When do You Need a Financial Advisor?

Cole Mayer
Financial advisor

Whether you have just won the lottery or are simply trying to plan for retirement, there are quite a few reasons why you would want to hire a financial advisor to help you with your money. Let’s look at what a financial advisor actually does, and a few scenarios where you might consider employing one.

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Should I get a Financial Advisor?

To answer this question you first need answers to a separate question: What do financial advisors do? Also known as financial planners, they can help you manage your money by operating your bank accounts, helping you set a budget, managing your investments in the stock market or your retirement fund, offer tax advice, sell insurance, and more. However, depending on the official title, they may only do some of the listed options. A private banker, for instance, has more power over your investments than just a plain advisor, who might simply research and advise, rather than directly investing on your behalf.

It’s also important to know that, titles and duties aside, not all advisors are created equal. Some are merely salesmen, trying to sell you on their firm’s products, rather than having your best interests at heart. While it isn’t quite as bad as credit repair scams, it’s still something to be wary of when interviewing financial planners before deciding on one.

Something to note is cost. Helping you with a budget or financial plan could cost between $1,000 and $2,000. A monthly retainer for an ongoing relationship could be a couple hundred dollars. Others might be fee-only advisors, charging a percentage of your investments.

To answer the question whether you need a financial advisor, let’s look at a few scenarios where the answer is a solid “yes.”

Starting a Family

Starting a family can result in a dramatic shift in finances. With diapers, formula, toys, college funds, and many, many other expenses to account for, it can be hard to imagine what you will need to support not only your children, but yourself. Factor in student loans, car loans, mortgages, and more, and it’s a complex equation that might require a professional’s help. Enter a financial planner, who can help you draft a plan of how to budget for your future.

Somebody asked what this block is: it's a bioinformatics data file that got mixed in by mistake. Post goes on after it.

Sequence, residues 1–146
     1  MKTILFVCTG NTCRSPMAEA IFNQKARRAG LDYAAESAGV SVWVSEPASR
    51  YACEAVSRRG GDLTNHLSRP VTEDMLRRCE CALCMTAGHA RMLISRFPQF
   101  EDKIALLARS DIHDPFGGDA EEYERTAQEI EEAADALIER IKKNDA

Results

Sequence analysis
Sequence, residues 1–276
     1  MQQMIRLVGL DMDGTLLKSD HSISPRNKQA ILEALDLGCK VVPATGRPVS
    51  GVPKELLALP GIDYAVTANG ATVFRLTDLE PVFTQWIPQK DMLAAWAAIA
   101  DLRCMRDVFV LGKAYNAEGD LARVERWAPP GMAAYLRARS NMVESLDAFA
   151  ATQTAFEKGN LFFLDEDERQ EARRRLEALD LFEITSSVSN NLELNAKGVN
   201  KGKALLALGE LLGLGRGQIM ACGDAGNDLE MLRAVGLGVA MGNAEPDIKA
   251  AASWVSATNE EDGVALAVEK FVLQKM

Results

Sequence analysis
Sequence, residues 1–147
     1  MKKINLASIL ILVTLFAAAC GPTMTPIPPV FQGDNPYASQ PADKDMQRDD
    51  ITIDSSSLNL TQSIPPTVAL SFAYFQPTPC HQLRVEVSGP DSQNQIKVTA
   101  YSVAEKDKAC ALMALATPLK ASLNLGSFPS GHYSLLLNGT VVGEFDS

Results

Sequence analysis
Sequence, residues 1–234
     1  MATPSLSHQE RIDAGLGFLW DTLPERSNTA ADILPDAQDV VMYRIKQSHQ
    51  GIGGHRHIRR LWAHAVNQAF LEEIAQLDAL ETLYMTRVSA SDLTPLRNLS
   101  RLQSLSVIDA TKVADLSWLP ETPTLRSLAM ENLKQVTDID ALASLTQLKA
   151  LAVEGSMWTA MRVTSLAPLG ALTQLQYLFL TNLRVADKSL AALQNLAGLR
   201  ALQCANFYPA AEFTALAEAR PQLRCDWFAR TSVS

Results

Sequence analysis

Or maybe you are just planning a wedding, and need to figure out how to fund your nuptials, as well as how you will combine bank accounts. Life insurance matters now, too, with a spouse as a beneficiary. The advisor will help you balance expenses against your income and help plan for your future, either as a married couple or as a family expecting children.

Planning for Retirement

If you are planning for or nearing retirement, a financial advisor can help you invest and save money. They can help you figure out how much you will need to save in order to retire comfortably. They might recommend a traditional or Roth IRA, depending on your situation, and explain the tax benefits for each. A planner will do just that — help you plan to make the most of what you have saved by retirement.

When you consider you will need an average of almost $740,000 in the bank to retire, it can help to have a financial professional guide you in saving.

An advisor can also help you figure out when and how to file for Social Security. Timing can be important to maximize your benefits, and a planner will help you determine what time is best for you.

High-earners and High Net Worth

If you are a high earner or have a high net worth, having a financial planner is more about managing your money and taking advantage of tax breaks.

First, if you have a large salary, you might simply not know what to do with some of your money. You know you want to invest, but don’t know how to identify a good investment, or even how to invest in the first place.

An advisor can do research for you, and propose various stocks, bonds, and other investments that might interest you and earn money. Properly handled, these investments could pay enough dividends to live off of, allowing you to save money for other purposes, such as inheritance or college funds.

Depending on the advisor, they may also be able to directly manage your investments, moving them around in order to maximize dividends, with as much or little hands-on time from you as you would like. This can take a large responsibility off your plate and put it in the hands of a professional who knows what they are doing.

Those with a high net worth likely have similar problems, with multiple accounts to manage, taxes to consider, and options for how to leave money for the next generation. Investing can help here, too, but it takes a back seat to simply having to manage a large amount of wealth already in place. Remember, too, that having a lot of money can mean being used to spending frivolously, which can harm your credit. A financial planner can keep your spending in check.

Do you need a financial advisor or planner? The answer is maybe. If you don’t know how to handle your money, and want to have a plan for a family or retirement, or don’t know how to handle your high income or high net worth, it may be worth your time to interview a few advisors and see if one is right for you. They can help guide you through making a long-term budget to meet a financial goal, or help you make smart investments. Depending on the advisor, their services might not come cheap, but if you fall in those categories, it’s likely worth the long-term benefits.

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